depending upon its capacity for self-suport. The forms can be made in sections as ong as the unsupported span of concrete will permit. The forms are therefore light, and since there is no heavy auxiliary apparatus, such as steel beams, channels, or the like, liable to fall on the workmen whenthe form supports are removed, the work of removing the forms is much simplified. Furthermore, it is unnecessary to get up to the under side of the forms in erecting them, as after the posts and stringers are in place all of the work of placing the forms and tying them together is done from above. Then in taking the forms down it is not necessary to get to any part of the under side except to remove the stringers and the plate. a After that is done all that is needed is to pull the forms loose from the concrete. It is evident, therefore, that my improved system is very economical in the matter of labor as well as in the quantity of lumber required.

I claim:'

1. In apparatus for molding concrete floors, sheet metal forms comprising tops with depending sides having outwardlyextending flanges at their lower edges, said forms being assembled in aplurality of juxtaposed series of three forms setend to end with the middle section, which is relatively short, saddled on the apposed ends of the other two, tying devices comprising pins inserted in apertures 'in the juxtaposed flanges, whereby the flanges are tied together, said devices having heads which become embedded in the concrete to serve later as supports for laths; means for supporting said middle iorms, and supports for the ends of the outside forms, said supports being removable after the con crete has been poured, without disturbing the middle supports, the long forms being made of metal of sufficient thickness to enable them to carry their load though supported at their ends only. I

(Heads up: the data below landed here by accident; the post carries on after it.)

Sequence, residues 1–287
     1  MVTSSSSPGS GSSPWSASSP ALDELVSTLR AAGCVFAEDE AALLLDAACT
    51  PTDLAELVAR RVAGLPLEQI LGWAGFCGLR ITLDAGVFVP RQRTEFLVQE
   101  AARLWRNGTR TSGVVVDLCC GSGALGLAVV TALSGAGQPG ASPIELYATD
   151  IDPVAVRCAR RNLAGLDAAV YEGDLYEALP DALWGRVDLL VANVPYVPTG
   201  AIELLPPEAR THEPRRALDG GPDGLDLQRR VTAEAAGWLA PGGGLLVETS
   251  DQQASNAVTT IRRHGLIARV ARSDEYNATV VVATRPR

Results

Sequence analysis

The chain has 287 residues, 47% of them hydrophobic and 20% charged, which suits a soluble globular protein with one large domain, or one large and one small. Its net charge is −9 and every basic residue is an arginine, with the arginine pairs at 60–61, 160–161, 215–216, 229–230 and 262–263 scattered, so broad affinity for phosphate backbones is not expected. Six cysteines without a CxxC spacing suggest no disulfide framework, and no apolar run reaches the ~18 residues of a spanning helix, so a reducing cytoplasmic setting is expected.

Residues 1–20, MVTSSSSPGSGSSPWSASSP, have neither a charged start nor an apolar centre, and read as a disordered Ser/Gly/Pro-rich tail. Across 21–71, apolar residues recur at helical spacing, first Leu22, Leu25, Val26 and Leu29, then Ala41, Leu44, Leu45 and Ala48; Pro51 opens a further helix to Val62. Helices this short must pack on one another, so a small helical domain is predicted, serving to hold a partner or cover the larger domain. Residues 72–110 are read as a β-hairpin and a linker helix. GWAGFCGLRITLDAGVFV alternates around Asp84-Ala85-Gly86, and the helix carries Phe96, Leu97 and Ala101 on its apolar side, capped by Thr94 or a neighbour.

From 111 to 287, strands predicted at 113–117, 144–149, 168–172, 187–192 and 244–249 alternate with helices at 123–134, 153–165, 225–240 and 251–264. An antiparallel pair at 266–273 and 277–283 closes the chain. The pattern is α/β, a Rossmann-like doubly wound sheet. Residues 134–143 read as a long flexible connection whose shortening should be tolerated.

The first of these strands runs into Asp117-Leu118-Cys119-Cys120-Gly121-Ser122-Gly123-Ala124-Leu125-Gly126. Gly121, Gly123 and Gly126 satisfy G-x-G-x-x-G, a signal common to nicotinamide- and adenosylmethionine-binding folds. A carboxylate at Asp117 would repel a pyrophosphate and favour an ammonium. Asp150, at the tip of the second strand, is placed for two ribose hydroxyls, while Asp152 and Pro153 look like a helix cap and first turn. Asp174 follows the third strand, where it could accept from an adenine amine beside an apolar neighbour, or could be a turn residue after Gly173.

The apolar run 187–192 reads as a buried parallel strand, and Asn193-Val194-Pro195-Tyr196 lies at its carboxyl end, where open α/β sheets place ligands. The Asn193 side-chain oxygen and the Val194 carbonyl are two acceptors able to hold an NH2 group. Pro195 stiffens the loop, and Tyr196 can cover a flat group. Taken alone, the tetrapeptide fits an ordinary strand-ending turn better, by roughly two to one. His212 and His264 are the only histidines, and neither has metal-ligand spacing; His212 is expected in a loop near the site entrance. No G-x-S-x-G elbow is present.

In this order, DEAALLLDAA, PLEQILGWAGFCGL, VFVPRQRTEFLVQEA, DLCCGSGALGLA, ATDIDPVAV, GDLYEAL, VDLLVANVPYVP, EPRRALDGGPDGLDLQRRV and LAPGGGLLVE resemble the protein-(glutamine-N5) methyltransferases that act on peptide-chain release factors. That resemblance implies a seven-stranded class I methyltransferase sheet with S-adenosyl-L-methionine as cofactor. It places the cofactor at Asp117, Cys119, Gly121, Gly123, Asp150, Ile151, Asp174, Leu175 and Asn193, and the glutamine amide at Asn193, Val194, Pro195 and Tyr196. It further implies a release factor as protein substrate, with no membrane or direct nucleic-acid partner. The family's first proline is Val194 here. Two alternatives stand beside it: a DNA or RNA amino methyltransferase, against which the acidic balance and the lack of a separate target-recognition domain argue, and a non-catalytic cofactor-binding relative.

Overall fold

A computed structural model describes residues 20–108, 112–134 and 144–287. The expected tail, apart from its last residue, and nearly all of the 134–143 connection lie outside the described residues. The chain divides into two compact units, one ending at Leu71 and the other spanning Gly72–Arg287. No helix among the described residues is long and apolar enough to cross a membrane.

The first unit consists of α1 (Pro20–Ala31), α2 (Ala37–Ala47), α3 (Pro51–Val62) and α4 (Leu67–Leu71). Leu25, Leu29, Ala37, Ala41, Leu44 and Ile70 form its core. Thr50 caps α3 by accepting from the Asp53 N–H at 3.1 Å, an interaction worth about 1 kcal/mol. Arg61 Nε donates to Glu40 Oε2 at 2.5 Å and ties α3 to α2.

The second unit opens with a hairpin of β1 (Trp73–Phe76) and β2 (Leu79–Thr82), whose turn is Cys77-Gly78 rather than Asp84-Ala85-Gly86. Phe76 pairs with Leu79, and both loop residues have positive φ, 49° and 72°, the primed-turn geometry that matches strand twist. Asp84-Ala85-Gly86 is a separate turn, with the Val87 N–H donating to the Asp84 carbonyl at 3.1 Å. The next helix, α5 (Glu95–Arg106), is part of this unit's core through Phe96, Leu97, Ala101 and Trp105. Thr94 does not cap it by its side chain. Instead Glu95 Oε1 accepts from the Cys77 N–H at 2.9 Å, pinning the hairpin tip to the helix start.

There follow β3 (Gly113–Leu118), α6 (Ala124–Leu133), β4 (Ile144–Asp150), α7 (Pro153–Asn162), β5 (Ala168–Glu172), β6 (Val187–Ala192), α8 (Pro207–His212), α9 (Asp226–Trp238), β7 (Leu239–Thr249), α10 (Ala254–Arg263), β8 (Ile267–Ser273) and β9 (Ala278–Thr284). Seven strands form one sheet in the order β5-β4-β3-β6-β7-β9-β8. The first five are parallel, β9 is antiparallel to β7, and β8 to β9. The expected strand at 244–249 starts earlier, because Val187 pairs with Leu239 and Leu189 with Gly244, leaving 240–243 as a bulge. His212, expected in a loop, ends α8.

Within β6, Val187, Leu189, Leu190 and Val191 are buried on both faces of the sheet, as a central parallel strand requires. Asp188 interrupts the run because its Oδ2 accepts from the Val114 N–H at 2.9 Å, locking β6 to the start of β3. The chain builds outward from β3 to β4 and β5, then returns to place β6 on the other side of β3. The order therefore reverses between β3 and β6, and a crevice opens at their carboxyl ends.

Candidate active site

2. In apparatus for molding fconcreto floors, sheet metal forms con'iprising tops with depending sides having outwardly extending flanges at their lower edges, said forms being assembled in a plurality of juxtaposed series comprising three longitudinally alined forms, the middle-one being relatively short and saddled on the apposed ends of the other two; a row of postscarrying a stringer on whieh'said middle forms but none of the others rest, brackets removably attached to said posts, one at each side of said stringer, and stringers carried by said brackets, one on each side of the first mentioned stringer, said side stringers supporting the ends of the outside forms; a beam form to which the forms at one side are connected, so that the beam, floor slab and joists will be monolithic, said beam form comprising a plate of suflicient width to serve as a bottom for the form and afford a ledge on which to rest the ends of the floor forms, said plate being carried by short vertical blocks which in turn stand on another plate, said blocks being arranged to he knocked out of place after the concrete has set, thereby releasing the upper plate and action is established between said depending sides, increasing the load-carrying capacity of the forms when supported at their ends only.